"Perhaps its just as well that you won't be here...to be offended by the sight of our May Day celebrations." from The Wicker Man
As the bonfire smoke from the previous night's Walpurgisnacht observances begin to clear, this morning brings a new day - May Day, with it's own magical practices.
Ladies rise before dawn to wash their faces with May dew. It was believed that the dew found in the garden on the first of May contained a special magic that would bestow one who washed their countenance with it, a forever youthful and flawless complexion. The Beard sisters write in their tome, The American Girls Handy Book:
"When the writer was a wee little girl there lived next door to her home two old maiden ladies, who always kept a bottle of May-dew among their treasures. Although the ladies in question had long since passed that period when maidens are supposed to be lovely, superstitious persons might have found confirmation of a belief in the power of the dew, when they looked upon the sweet and kindly faces of these old maids. Faith in the fabled eficacy of May-dew will probably lose its last adherents when the two old ladies, very aged now, leave this world..."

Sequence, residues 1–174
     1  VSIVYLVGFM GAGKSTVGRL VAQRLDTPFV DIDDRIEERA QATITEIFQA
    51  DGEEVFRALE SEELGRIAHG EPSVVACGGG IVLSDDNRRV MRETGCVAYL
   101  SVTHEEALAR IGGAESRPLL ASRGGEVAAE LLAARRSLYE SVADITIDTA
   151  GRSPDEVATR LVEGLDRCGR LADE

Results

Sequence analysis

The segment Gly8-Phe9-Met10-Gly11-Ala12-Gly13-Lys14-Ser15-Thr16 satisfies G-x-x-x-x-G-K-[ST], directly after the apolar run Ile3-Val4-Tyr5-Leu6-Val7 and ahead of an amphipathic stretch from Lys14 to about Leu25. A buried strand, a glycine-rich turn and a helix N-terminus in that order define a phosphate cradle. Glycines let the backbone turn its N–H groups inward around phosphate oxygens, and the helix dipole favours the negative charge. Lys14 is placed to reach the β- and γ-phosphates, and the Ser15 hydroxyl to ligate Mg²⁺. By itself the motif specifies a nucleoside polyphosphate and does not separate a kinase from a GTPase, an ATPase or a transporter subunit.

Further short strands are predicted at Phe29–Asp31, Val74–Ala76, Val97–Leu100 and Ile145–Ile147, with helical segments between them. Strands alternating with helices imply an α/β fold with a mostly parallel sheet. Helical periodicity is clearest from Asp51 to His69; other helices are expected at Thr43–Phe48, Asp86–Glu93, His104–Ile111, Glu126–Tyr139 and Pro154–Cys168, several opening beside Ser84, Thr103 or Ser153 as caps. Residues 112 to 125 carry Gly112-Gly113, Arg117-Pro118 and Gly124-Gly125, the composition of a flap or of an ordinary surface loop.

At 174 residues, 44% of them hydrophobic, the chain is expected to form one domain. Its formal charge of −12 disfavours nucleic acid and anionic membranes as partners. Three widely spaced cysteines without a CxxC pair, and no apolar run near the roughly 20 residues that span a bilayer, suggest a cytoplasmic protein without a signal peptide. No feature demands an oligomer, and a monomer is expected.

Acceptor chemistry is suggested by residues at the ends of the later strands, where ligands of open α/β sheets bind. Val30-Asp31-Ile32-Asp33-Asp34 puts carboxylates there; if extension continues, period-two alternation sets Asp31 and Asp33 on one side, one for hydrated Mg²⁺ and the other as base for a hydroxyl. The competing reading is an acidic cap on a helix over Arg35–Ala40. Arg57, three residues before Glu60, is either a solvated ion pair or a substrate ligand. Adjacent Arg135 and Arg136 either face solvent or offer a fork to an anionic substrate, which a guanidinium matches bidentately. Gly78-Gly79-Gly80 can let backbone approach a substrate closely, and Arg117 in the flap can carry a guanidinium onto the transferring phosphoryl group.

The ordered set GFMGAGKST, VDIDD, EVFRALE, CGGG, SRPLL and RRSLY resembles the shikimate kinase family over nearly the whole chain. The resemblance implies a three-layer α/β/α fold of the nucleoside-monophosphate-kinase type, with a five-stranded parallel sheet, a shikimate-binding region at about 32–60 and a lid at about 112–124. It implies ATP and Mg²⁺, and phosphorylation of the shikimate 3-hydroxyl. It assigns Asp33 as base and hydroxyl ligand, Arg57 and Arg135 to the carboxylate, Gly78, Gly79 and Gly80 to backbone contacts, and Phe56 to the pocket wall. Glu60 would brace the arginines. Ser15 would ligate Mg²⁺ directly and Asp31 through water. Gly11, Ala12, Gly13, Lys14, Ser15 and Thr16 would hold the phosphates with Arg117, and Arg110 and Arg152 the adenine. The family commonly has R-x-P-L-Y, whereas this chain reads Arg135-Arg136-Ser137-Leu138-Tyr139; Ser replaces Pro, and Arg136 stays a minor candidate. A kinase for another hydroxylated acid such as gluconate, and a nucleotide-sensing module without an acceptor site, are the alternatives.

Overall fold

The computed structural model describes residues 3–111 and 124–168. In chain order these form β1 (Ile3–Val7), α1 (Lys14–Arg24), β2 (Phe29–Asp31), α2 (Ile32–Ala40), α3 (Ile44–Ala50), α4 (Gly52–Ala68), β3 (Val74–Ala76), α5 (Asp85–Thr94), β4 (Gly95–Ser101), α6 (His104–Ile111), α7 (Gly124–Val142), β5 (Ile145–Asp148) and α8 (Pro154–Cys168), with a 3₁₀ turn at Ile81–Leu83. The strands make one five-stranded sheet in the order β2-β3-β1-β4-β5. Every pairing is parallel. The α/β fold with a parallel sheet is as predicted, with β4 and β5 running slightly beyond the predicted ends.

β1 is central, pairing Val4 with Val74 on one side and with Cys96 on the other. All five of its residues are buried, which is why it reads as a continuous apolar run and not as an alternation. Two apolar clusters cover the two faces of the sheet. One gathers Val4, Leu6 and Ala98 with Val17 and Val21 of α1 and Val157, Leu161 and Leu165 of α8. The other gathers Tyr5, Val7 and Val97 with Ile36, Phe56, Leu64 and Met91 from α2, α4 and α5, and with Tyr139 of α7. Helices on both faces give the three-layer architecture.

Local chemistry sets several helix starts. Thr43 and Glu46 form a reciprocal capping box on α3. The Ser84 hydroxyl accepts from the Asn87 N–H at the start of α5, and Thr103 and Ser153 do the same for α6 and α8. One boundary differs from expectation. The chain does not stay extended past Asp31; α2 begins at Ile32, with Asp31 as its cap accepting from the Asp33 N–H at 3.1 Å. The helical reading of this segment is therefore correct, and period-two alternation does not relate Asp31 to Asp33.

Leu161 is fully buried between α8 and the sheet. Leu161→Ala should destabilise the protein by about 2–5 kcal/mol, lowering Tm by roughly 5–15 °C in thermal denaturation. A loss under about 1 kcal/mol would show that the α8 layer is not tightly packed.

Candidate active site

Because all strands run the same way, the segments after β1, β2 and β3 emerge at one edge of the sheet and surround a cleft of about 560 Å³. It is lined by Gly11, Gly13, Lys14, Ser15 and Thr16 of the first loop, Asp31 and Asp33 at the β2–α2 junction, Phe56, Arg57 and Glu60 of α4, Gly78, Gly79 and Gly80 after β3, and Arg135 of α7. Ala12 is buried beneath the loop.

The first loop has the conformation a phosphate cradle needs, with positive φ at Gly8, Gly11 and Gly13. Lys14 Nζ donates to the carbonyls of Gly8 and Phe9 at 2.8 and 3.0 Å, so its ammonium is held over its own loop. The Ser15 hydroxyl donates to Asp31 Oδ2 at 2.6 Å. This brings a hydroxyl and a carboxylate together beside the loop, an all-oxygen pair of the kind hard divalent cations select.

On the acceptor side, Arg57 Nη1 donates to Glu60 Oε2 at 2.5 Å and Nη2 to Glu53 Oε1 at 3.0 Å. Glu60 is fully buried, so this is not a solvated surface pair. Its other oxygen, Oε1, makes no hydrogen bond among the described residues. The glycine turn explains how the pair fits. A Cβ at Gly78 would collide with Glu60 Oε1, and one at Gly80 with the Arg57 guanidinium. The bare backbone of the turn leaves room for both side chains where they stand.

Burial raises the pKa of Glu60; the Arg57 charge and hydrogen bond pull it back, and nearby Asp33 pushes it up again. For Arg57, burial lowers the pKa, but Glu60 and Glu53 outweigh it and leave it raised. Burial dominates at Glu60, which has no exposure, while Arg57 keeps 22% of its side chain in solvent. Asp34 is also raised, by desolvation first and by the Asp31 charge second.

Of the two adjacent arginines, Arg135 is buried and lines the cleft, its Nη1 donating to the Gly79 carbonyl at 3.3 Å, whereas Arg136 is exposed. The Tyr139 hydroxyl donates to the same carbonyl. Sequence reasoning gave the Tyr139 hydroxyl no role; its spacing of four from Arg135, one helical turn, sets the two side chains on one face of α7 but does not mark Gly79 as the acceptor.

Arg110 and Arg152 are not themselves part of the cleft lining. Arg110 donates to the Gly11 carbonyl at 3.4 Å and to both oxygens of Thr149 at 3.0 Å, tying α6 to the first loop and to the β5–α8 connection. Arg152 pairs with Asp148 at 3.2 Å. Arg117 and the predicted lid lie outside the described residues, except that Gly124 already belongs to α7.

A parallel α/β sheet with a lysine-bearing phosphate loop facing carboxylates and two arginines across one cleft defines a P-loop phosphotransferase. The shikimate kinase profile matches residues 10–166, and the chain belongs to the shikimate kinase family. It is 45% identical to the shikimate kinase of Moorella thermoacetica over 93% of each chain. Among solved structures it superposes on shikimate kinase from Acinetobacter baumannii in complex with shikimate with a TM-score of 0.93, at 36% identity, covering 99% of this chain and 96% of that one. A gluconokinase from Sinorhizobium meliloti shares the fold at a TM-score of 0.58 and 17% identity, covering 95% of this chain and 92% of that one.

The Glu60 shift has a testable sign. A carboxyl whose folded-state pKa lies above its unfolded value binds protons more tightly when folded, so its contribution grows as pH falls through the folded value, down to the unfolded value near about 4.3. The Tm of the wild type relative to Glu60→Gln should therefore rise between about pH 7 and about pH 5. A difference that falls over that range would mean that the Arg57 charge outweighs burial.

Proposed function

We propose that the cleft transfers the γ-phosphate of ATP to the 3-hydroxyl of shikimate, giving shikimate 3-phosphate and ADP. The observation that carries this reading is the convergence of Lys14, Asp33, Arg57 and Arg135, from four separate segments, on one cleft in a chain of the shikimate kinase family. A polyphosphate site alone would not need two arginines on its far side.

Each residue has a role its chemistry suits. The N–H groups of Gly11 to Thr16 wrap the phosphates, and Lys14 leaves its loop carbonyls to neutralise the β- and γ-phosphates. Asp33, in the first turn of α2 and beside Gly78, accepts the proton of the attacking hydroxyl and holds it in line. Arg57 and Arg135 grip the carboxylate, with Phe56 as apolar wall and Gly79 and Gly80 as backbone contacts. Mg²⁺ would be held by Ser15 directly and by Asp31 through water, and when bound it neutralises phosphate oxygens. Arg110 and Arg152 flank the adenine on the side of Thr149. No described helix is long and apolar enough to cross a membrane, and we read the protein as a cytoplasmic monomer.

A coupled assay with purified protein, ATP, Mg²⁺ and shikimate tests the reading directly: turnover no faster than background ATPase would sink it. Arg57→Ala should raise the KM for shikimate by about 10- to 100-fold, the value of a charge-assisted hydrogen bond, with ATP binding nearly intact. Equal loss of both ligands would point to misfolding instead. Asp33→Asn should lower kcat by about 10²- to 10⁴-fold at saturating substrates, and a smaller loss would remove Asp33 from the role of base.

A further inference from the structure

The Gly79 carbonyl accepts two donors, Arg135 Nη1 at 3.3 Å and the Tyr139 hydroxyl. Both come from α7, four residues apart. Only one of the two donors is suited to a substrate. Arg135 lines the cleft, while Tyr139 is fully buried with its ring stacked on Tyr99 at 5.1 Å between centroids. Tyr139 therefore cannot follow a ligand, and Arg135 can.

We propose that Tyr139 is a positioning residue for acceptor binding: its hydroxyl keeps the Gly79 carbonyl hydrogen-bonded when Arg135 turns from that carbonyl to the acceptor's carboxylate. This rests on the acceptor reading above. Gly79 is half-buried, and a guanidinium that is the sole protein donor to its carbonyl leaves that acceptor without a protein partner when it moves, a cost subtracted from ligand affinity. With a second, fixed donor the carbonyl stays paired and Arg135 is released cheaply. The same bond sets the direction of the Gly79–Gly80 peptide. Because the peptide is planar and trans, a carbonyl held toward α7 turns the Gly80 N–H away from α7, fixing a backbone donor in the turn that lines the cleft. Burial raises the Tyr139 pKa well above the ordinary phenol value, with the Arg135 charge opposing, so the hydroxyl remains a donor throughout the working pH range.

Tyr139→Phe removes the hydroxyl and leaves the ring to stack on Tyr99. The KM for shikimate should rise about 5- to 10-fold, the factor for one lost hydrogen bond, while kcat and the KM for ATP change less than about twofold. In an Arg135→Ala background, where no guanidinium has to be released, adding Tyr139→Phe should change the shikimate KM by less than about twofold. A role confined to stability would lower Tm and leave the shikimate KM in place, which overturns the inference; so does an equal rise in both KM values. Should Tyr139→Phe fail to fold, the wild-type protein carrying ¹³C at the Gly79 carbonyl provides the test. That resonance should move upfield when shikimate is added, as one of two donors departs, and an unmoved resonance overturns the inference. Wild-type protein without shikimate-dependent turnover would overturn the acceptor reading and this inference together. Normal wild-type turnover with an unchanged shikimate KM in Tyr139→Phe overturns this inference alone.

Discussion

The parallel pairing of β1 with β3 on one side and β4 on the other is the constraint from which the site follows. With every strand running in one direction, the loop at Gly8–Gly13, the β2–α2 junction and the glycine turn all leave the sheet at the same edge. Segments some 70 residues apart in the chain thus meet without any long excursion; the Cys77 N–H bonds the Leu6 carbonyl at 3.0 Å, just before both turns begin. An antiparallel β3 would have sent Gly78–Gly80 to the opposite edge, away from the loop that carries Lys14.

In a few places still, a May pole, a phallic symbol, is erected, (stop giggling!), and adorned with flowers for the traditional dancing and weaving of ribbons. In earlier incarnations, unwed males would cut down a tree for the pole and strip it of it's branches, leaving a single, newly sprouted sprig at the top. The men would then guard the pole overnight, lest neighboring villages came to steal it. If they did, the pole would be held for ransom and the hefty price of beer would have to be "paid" before it would be returned.
Most of us lack a May pole however, one of the most delightful and appropriate ways to "celebrate" May Day is with a viewing of the 1973 film The Wicker Man - with man in the starring role, as monster. If you've never seen this film before, I won't say another word or give anything else away - just don your mask and join the procession!